TPR publishes response on the future of trusteeship and governance


On 10 February 2020, TPR published its response to its consultation on the future of trusteeship and governance. Most notably, TPR will not require pension scheme boards to engage a professional trustee. Instead, it will support the APPT’s standards and the upcoming industry accreditation framework for professional trustees.

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In this Alert

Key points

  • TPR intends to update its TKU code of practice and to review the Trustee toolkit to make its expectations clearer, and to drive up standards of trusteeship.
  • On diversity, TPR will establish and lead an industry working group to find ways of supporting schemes with making improvements to trustee diversity.
  • There will be no change to the governance standards for sole trustees, but TPR supports the APPT’s intention to develop an industry code for sole trusteeship.
  • TPR will continue to monitor DC consolidation activity, working with both industry and the DWP to find solutions to overcome barriers to consolidation.


TPR wants “to ensure all savers participate in well-run schemes, with the right governance structures in place to support effective decision-making”. Its consultation on the future of trusteeship and governance set out its aspirations for:

  • further reforming the standards of trusteeship and governance
  • ensuring these standards continue to be appropriate for addressing current risks and
  • protecting the interests of savers in the future.

The calls for evidence and proposals fell into three key areas:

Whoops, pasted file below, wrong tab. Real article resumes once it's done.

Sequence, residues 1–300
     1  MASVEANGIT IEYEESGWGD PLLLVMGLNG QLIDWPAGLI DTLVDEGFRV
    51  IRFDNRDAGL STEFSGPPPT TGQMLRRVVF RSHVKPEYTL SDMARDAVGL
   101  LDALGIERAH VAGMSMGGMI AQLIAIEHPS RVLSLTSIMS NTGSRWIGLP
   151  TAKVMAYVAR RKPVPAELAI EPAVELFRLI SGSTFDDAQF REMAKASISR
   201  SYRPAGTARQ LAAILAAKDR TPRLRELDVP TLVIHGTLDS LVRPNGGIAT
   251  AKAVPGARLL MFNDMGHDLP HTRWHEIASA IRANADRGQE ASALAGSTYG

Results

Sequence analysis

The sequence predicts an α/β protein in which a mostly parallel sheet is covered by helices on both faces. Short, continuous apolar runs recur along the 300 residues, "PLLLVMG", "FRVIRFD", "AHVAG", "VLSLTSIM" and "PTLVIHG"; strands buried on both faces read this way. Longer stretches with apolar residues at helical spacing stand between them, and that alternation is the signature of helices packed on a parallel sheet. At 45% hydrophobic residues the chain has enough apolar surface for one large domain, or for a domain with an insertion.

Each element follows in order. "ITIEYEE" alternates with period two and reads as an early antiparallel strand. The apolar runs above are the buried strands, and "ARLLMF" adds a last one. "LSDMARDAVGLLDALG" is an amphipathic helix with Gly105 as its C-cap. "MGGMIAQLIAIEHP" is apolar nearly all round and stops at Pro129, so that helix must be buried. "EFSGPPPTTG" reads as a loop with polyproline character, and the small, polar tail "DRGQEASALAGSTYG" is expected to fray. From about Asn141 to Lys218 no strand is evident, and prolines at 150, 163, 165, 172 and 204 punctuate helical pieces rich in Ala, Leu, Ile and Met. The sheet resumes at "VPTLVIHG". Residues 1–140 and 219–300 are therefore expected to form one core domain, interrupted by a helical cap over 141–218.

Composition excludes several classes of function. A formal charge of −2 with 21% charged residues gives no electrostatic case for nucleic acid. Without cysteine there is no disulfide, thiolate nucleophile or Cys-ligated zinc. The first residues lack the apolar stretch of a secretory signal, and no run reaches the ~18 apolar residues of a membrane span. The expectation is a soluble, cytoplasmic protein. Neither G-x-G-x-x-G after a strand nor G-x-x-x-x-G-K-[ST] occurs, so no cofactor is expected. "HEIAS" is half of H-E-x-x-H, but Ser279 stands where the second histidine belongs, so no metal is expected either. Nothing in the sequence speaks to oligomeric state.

• TKU: TPR looked at how it could ensure those managing schemes have the right knowledge and understanding and appropriate skills, and that these are kept up-to-date
  • Scheme governance structures for effective decision-making: TPR looked at how boards could become more diverse, inclusive and be able to demonstrate that they have the right mix of skills, knowledge and understanding for running the scheme. In particular, it considered requiring an accredited professional trustee on every board
  • Driving DC scheme consolidation: Where schemes are unable to meet the standards of trusteeship and governance, they will need to improve, face enforcement action, or be actively encouraged to wind up. As such, TPR sought ideas on how to remove barriers to DC consolidation and ensure more savers have access to well-run schemes.


Content and level of TKU

TPR notes that the nature of what trustees need to know and understand has changed since TKU was first introduced 15 years ago. Therefore, it intends to review and update its Code of Practice so that its “expectations for the content and level of TKU that trustees need to attain, including those for professional trustees and board members of public service schemes, remain appropriate for safeguarding the interests of savers”. It will also seek to simplify how it presents its expectations, differentiating by the type of trustee, as well as the type of scheme (DB, DC and public service).

Once the new standards are in place, TPR plans to run a regulatory initiative to test levels of TKU, and to consider appropriate action where they fall below expectations.